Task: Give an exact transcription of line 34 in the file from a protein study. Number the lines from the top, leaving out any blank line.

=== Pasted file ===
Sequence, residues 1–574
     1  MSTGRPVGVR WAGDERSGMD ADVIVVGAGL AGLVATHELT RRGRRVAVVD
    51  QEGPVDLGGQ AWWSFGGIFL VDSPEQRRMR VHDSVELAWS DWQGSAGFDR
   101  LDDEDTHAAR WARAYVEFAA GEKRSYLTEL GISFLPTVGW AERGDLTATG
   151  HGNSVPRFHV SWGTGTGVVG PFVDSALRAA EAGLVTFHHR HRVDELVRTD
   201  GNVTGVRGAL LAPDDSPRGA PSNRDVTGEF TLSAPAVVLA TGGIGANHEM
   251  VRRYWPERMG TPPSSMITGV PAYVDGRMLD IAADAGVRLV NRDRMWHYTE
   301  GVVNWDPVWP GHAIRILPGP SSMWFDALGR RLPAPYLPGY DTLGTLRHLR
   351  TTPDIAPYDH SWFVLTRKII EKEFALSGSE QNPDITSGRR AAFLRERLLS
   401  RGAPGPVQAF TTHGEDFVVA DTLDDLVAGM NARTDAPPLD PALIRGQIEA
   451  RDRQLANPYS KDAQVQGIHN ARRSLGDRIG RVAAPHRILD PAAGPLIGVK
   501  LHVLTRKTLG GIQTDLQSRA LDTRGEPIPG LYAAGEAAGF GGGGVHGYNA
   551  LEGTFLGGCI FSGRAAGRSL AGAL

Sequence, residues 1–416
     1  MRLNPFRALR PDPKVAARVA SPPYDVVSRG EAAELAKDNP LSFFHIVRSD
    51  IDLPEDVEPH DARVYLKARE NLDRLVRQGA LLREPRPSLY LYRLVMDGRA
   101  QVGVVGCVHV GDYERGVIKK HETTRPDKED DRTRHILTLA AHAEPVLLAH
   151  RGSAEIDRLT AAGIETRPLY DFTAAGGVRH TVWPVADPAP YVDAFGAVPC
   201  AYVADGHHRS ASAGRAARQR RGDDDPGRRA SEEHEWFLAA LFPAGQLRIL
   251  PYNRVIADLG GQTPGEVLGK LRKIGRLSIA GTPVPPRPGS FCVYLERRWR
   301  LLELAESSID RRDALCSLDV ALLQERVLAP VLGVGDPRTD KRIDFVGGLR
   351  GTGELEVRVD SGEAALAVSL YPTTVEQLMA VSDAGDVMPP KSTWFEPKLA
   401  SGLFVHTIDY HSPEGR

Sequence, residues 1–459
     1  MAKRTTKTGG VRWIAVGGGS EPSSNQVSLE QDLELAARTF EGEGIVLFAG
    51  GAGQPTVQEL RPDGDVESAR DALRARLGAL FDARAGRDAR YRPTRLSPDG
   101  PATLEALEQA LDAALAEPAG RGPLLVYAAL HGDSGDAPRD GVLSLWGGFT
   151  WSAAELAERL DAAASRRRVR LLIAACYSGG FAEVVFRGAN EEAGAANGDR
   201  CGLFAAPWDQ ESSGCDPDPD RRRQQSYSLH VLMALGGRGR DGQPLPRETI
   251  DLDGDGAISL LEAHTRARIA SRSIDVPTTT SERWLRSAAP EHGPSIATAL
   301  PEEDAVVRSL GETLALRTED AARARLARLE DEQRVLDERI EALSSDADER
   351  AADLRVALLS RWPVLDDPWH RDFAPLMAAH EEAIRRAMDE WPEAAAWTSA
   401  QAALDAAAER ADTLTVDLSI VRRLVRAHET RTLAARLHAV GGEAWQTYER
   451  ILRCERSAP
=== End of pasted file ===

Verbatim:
   451  ILRCERSAP